I think this article is dubious, or at least conjecture. Proof? Go to:


    Which is UNECE Statistical Database, compiled from national and international (CIS, EUROSTAT, IMF, OECD) official sources.

    Select – Industrial Production index, growth rate for years 2003 2004 2005 2006 2007 2008 2009 2010 2011 2012 & you should get something like this

    2003 2004 2005 2006 2007 2008 2009 2010 2011 2012
    Canada 0.1 1.6 2.0 -0.6 -0.8 -2.9 -10.8 4.9 3.7 ..
    France -1.2 2.1 -0.1 0.5 1.3 -2.5 -13.1 5.1 1.7 ..
    Germany 0.5 4.2 3.0 5.3 5.8 0.6 -16.4 11.2 7.4 ..
    Spain 1.5 2.0 0.2 3.7 2.4 -7.1 -16.2 0.9 -1.8 ..
    Sweden 1.5 5.7 2.5 3.1 3.4 -2.6 -18.0 9.4 5.9 ..
    Turkey 8.7 9.8 5.6 7.3 7.0 -0.6 -9.9 13.1 8.9 ..
    USA 1.2 2.3 3.3 2.2 2.5 -3.5 -11.4 5.4 4.1 3.6

    Hardly a “Renaissance” to me, seems more like lame recovery that is sputtering?

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  12. gsc01972 says:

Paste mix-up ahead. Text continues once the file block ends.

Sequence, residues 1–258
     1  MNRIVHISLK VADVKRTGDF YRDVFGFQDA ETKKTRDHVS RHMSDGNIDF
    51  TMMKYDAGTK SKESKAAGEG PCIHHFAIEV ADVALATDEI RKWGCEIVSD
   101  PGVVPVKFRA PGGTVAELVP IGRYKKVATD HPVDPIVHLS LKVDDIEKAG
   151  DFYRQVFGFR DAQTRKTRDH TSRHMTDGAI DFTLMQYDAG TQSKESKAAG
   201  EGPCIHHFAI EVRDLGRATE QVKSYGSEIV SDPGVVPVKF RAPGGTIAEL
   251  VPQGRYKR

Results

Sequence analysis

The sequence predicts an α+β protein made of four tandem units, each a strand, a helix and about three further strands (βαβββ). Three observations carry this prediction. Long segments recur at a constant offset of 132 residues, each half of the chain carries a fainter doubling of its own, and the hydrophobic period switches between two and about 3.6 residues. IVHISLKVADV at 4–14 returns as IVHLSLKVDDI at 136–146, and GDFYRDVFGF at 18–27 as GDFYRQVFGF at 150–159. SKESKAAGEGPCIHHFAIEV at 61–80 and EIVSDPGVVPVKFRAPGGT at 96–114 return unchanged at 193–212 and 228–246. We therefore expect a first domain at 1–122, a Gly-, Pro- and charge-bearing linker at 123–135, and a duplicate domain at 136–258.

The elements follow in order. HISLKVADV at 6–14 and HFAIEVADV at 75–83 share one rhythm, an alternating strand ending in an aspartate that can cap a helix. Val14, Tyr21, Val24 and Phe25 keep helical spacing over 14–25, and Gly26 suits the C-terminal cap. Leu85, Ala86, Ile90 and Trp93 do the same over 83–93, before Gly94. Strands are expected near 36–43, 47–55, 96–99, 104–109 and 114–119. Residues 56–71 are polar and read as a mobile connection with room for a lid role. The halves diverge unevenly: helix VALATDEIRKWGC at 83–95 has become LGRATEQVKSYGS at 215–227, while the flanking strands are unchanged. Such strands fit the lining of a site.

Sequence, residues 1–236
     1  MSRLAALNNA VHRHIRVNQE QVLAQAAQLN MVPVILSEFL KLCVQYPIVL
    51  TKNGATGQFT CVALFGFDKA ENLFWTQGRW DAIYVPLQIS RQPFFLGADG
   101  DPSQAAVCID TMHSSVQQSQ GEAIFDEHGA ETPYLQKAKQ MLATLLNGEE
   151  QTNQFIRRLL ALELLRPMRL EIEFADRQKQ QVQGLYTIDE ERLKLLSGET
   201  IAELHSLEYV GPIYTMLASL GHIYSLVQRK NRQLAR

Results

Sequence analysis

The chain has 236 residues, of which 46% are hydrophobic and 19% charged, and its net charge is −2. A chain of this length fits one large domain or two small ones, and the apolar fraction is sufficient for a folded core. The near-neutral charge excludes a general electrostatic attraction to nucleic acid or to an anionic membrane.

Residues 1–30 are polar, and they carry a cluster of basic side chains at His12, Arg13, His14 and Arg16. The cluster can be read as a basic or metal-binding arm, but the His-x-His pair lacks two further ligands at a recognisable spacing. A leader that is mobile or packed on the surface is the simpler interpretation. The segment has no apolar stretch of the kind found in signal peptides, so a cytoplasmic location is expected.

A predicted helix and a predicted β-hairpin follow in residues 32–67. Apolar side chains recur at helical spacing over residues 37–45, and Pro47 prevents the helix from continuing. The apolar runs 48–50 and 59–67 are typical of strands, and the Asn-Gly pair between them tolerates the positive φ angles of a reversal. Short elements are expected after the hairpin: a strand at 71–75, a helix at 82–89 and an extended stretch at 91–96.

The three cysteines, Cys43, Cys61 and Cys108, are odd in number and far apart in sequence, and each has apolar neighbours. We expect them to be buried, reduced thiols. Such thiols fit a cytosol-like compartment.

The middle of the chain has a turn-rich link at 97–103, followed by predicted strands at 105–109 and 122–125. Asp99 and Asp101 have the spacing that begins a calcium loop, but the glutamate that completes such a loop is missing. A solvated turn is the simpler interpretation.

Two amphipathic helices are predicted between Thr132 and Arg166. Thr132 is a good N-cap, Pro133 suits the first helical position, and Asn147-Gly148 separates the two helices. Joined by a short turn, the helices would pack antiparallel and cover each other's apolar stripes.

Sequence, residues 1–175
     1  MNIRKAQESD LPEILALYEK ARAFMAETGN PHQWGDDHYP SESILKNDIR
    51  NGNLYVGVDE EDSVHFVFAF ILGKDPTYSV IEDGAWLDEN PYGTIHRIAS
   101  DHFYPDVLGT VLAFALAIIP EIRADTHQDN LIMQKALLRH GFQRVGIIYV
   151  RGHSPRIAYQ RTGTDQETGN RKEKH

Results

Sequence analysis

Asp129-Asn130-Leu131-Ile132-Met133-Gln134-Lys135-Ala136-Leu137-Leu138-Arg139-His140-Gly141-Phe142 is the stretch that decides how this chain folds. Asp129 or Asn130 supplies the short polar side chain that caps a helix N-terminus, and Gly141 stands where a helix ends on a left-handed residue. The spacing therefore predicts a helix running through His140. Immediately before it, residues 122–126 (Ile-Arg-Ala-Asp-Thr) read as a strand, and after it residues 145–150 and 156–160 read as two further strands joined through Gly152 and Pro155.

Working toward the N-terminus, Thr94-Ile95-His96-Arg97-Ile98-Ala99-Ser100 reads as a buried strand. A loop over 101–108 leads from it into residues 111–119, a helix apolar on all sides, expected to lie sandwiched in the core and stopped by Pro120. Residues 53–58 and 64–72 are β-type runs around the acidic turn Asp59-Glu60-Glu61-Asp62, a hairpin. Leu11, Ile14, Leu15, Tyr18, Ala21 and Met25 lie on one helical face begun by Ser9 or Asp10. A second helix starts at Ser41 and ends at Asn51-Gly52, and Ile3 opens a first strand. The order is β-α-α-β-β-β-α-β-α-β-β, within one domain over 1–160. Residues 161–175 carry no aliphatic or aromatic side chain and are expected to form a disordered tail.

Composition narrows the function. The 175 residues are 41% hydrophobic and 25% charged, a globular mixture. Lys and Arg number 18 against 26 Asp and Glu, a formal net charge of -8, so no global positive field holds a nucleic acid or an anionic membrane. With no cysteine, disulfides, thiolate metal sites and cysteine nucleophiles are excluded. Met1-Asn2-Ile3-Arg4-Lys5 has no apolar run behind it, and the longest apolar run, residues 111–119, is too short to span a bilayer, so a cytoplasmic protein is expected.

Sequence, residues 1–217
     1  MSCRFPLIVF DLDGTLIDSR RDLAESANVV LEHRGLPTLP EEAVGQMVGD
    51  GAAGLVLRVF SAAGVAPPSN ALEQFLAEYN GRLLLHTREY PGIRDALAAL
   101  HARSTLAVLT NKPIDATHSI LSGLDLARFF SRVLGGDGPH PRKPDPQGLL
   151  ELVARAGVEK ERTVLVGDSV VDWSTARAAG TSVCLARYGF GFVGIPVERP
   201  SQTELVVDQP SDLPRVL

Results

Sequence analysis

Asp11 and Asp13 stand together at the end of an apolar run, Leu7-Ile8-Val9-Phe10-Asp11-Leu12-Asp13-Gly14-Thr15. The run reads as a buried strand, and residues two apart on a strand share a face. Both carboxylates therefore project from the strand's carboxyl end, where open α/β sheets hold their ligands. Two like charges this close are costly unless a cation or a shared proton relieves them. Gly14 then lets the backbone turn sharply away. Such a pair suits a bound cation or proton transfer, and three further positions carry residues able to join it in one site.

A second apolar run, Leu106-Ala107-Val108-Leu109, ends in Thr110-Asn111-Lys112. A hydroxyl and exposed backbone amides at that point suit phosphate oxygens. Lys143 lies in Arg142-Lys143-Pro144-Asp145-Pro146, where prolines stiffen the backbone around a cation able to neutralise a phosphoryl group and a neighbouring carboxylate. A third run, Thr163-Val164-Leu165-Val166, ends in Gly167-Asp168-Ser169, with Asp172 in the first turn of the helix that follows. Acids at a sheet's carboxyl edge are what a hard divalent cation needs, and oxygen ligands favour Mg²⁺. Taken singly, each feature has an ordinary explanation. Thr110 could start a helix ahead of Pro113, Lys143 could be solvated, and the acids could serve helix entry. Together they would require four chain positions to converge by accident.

This articles is supporting the idea of automation of factories and its good for the U.S…Hmm.. this is the most ridiculous myopic article i have read..Taking the factory workers out of the equation of factory work is crazy…Replacing them with automated machines…stupid!! More profits for the owners but bad for the economy. Remember factory worker or blue collar workers get a paycheck. buy crap that were made by other factory workers…and everyone stays in business..Less workers equals No paycheck equals no spending or collection on I.R.S+state+local tax revenues..You guys are killing this country very slowly. “Some experts believe it won’t be too long before employers expect a four-year degree” People coming out of collage can’t find a job in high tech fields..but high tech factory worker making $29 hr but minus $11hr to pay off 4yr collage makes a lot of sense..You Still making $19 per hour..